This fall, the Royal Winnipeg Ballet ought to consider asking its dancers to pirouette in skates. Manitoba Opera might want to scrap the Marriage Of Figaro in favour of a new musical adaptation of Slapshot. The Winnipeg Art Gallery should clear out Olympus early and devote its main display area to Hawerchuk, Babych and Boschman: A Retrospective of the 1984-85 Winnipeg Jets.
  • A few tips for when you hit the trails

    Last year in early May, the lakes were covered with ice, some trails were packed with snow and nighttime lows dipped below zero. This spring is pretty much summer in southern Manitoba. Trails are dry and the days are already warm, so you have no excuse but to get out and move your legs.
  • Why not extend liquor hours permanently?

    Whether they're hoisting a pint in celebration or crying in their beer, hockey fans tend to drink when the game is on. Some even like to drink before the game, after the game and would probably consider a means of absorbing alcohol in their sleep, if that was possible or advisable.
  • Jets playoff great, but don't get carried away

    The date 4/20 has long been a special one for Winnipeg, given this city's penchant for getting completely wasted. But the entire town was high on something a lot less odoriferous than weed -- and a lot more intoxicating -- on Monday, April 20, 2015, the first time the Winnipeg Jets have hosted a playoff game in nearly 19 years.
  • Trying fowl

    In polite society, it isn't acceptable to kill and consume your enemies. But if you're into symbolic domination, consider the case of the Anaheim Ducks, the only one of 30 NHL squads to adopt a relatively helpless, commonly consumed creature as its nickname.
  • Too much at stake in Chipman-Bowman impasse

    During the final weeks of the NHL regular season, the Winnipeg Jets hunkered down and got the job done. The club's owner and the mayor's office, however, remain kilometres apart on their impasse over True North Square - and time really is beginning to run out.
  • Anaheim and Winnipeg: the capital of cold vs. the city on the edge of anonymity

    Over the years, Winnipeg sports fans have grown accustomed to trash-talking the fine people of Saskatchewan at playoff time. Familiarity, as they say, breeds all manner of contempt. And who could be more familiar than our potash-mining, canola-farming, bunny-hug-clad brothers and sisters to the west?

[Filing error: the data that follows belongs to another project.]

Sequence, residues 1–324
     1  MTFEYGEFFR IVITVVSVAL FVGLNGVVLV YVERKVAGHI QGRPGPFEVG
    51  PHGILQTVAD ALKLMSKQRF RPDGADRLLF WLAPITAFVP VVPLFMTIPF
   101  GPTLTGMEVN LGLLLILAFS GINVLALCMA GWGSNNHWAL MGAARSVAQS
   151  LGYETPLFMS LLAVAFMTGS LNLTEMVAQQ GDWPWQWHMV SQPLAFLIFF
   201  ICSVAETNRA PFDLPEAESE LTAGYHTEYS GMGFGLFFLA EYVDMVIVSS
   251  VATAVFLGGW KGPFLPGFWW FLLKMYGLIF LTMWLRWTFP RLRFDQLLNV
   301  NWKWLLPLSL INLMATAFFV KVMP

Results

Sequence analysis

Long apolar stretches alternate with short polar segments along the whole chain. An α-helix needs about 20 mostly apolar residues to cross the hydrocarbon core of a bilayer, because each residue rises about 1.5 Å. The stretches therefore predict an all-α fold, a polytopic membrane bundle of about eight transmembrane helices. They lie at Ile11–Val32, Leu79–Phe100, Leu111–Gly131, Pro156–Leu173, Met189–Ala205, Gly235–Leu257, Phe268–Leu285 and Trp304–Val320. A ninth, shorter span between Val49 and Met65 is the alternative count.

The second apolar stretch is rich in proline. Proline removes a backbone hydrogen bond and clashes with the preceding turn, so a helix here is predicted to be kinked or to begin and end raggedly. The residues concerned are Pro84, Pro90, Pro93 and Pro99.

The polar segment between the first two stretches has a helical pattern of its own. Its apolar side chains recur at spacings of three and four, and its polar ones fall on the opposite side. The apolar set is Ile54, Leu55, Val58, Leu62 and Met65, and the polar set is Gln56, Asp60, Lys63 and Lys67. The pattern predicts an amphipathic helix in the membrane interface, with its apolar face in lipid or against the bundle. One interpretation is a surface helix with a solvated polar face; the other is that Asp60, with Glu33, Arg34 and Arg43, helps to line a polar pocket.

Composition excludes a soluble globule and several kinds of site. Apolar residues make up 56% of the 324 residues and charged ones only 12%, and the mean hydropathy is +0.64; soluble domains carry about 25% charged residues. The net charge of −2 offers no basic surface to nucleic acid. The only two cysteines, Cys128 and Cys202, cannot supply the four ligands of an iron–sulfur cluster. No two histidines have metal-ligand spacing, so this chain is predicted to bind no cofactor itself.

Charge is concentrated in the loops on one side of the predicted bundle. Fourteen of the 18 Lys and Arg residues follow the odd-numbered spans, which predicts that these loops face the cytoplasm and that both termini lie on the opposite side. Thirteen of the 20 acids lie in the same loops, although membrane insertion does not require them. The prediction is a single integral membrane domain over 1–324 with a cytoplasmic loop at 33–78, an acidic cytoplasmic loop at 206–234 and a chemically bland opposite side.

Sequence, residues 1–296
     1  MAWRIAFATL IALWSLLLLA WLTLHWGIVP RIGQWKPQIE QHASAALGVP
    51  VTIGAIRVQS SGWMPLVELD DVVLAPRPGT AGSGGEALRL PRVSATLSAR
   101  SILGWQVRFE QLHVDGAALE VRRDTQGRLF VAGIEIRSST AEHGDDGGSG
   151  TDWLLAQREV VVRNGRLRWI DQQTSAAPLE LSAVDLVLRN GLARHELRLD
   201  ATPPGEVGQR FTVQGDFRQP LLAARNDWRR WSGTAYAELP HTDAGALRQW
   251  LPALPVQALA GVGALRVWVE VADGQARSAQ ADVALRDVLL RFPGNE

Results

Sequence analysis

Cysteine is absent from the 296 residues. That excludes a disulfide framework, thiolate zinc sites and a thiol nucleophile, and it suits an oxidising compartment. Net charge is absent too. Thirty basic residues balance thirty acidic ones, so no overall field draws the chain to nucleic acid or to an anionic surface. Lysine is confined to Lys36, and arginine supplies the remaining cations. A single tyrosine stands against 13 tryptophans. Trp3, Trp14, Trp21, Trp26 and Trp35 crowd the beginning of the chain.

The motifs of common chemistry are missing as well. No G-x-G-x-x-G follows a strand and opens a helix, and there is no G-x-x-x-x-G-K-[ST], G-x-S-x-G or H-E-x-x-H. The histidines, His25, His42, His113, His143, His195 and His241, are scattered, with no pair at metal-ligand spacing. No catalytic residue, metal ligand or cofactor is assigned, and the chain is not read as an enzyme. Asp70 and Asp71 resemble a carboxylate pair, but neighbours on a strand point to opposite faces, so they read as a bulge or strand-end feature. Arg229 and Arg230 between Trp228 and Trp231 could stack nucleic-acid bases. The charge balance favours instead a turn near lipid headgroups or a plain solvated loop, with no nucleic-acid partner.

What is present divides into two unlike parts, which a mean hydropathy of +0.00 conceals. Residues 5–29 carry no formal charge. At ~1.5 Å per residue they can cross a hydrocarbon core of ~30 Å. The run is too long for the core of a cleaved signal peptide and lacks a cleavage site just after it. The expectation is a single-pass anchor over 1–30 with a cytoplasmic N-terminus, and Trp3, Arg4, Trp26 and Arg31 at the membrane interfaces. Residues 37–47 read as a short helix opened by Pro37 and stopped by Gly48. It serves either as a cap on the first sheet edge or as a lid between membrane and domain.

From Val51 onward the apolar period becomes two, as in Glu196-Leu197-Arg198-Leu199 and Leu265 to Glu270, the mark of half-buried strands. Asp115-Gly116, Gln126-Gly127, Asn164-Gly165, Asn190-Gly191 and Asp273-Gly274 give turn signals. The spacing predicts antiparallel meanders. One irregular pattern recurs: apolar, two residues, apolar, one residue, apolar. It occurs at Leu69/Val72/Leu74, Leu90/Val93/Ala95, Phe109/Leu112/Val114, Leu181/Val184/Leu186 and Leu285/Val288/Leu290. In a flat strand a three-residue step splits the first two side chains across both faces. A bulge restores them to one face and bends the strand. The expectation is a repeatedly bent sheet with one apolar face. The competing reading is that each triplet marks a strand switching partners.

• Game changer: Epic fantasy TV series could overtake books it's based on

    If you watch HBO's Game of Thrones but have never read George R.R. Martin's A Song of Ice and Fire series of novels, you're about to get even with the geeks who have. The fifth season of the richly imagined TV show, which premières on Sunday night, is expected to not just veer away from the Martin novels, but jump ahead of books the notoriously fastidious author has yet to finish.
  • Be sure to enjoy the water this spring

    While the winter was a lousy one for all manner of snow sports, this spring is shaping up to be a good one for paddlers. In Winnipeg, the Assiniboine River is clear of ice, and that means the Red River is as well. The absence of flooding this year means there are few, if any, submerged hazards to consider.
  • Making the playoffs is about shedding past ghosts — but fanaticism is not always a good thing

    The morning after Winnipeg qualified for the NHL playoffs, professional women in the downtown business core were rocking an unorthodox form of Friday casual: jeans, blazer and a Jets T-shirt. Portage Avenue pedestrians were more resplendent than usual in club ball caps. A Winnipeg Jets flag hung from the pole at city hall.
  • Miller won't let stadium stop success

    When Wade Miller assumed the reins of the embattled Winnipeg Blue Bombers, every day was an adventure. Not a happy-go-lucky, feel-good thrill ride like How To Train Your Dragon, mind you. More like a perilous, lethal, what-the-hell-is-happening adrenaline freak-out like the opening scene of Raiders Of The Lost Ark or the Cornucopia bloodbath in the Hunger Games.